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VoIP: The face of the new network police

How VoIP can be used to improve network performance.

In search of supreme network performance? Try deploying VoIP. Considering its reputation for creating serious network problems, it may not seem obvious that VoIP can actually show you how to make your network perform better. But it can and here's why:

Your network is a relatively complex form of ecology. There are devices of all sorts like routers, switches, client stations, servers and the like. Then there are the interconnecting media and interfaces such as cables, NICs and drivers. And there is the traffic and its various behaviors such as congestion and burstiness. Finally, there are network configurations, from interface settings to routing, that define the individual and aggregate behaviors.

Network performance is a function of all these elements and relies on very subtle interplay between them. For example, very low packet loss (< 0.1%) on a very high latency link can result in performance degradation for applications using standard TCP -- an unintentional consequence of TCP's slow start mechanism over long network paths. No single element of the network is entirely responsible -- the low packet loss would be considered reasonable under any other circumstances.

Even the devastating problem of duplex mismatch is defined by the not-so-subtle interaction between two interfaces — neither interface is actually malfunctioning (although it might be argued that auto-negotiation has a fault).

So if your network is a kind of ecology, then, Voice-over-IP plays the role of the amphibian. It is well known that frogs are highly sensitive to toxins in their environment and their disappearance can signal a serious ecological issue. If you can keep the frogs alive and well, chances are that most everything else will be healthy and happy, too.

The same theory rings true for VoIP -- to keep that VoIP frog alive, your network has to be clean. Very clean. And coincidentally, that is the key to high performance of all your applications.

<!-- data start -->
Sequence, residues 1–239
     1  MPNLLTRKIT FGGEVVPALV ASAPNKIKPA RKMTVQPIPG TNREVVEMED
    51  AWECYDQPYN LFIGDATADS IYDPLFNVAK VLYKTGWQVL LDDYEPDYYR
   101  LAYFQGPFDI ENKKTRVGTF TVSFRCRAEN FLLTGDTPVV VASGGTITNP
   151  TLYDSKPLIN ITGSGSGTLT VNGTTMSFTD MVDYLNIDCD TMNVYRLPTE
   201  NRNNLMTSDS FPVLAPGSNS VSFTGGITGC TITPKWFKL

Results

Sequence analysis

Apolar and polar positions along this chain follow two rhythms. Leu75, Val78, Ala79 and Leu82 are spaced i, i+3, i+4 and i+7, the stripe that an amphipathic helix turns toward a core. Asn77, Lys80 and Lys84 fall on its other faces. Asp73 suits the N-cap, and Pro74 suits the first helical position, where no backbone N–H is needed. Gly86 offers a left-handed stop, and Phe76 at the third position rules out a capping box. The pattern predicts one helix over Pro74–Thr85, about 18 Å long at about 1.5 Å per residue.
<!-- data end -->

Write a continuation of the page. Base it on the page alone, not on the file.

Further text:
A majority of performance problems are rooted in the degradation issues that also impact VoIP. Networks that cannot perform at 100% keep applications from operating at 100%. There is no way to tune an application to overcome a bad network.

Typical sources of network degradation include:

  • Congestion
  • Lossy media (wireless)
  • Bad cables or poorly seated cards
  • EM interference and poor shielding on copper lines
  • Duplex mismatch
  • Bad NICs/drivers
  • MTU mismatch (RFC 1911 non-compliant)
  • Mix of duplex domains
  • Unplanned bottlenecks

While most typical data applications will work reasonably well in the presence of most of these -- this is where the frog comes in -- VoIP will not. And end users will clearly hear these problems. Even small amounts of loss and jitter are noticeable, forcing engineers to either resolve the degradation issues or compensate with QoS mechanisms.

So, if you were wondering how VoIP was going to fix everything -- it won't.

The good news is that the pressure to move to VoIP will force the development of tools and technologies capable of resolving hard-to-find network degradations. Allied Business Intelligence estimates that enterprises migrating to voice from traditional circuits will create a $16.5 billion dollar IP-PBX market worldwide by 2006.

The bad news is the hard work has yet to be done -- only 12% of corporations have deployed VoIP and another 29% are expected to join in next year (Harris Interactive) -- and we don't have all the tools we need yet. However once we deal with the uniquely sensitive nature of VoIP, the worst will be behind us and we will have reaped the benefits for many other network applications.

So clean up your networks and keep the frog alive.


NetworkingChief Scientist for Apparent Networks, Loki Jorgenson, PhD, has been active in computation, physics and mathematics, scientific visualization, and simulation for over 18 years. Trained in computational physics at Queen's and McGill universities, he has published in areas as diverse as philosophy, graphics, educational technologies, statistical mechanics, logic and number theory. Also, he acts as Adjunct Professor of Mathematics at Simon Fraser University where he co-founded the Center for Experimental and Constructive Mathematics (CECM). He has headed research in numerous academic projects from high-performance computing to digital publishing, working closely with private sector partners and government. At Apparent Networks Inc., Jorgenson leads network research in high performance, wireless, VoIP and other application performance, typically through practical collaboration with academic organizations and other thought leaders such as BCnet, Texas A&M, CANARIE, and Internet2. www.apparentnetworks.com

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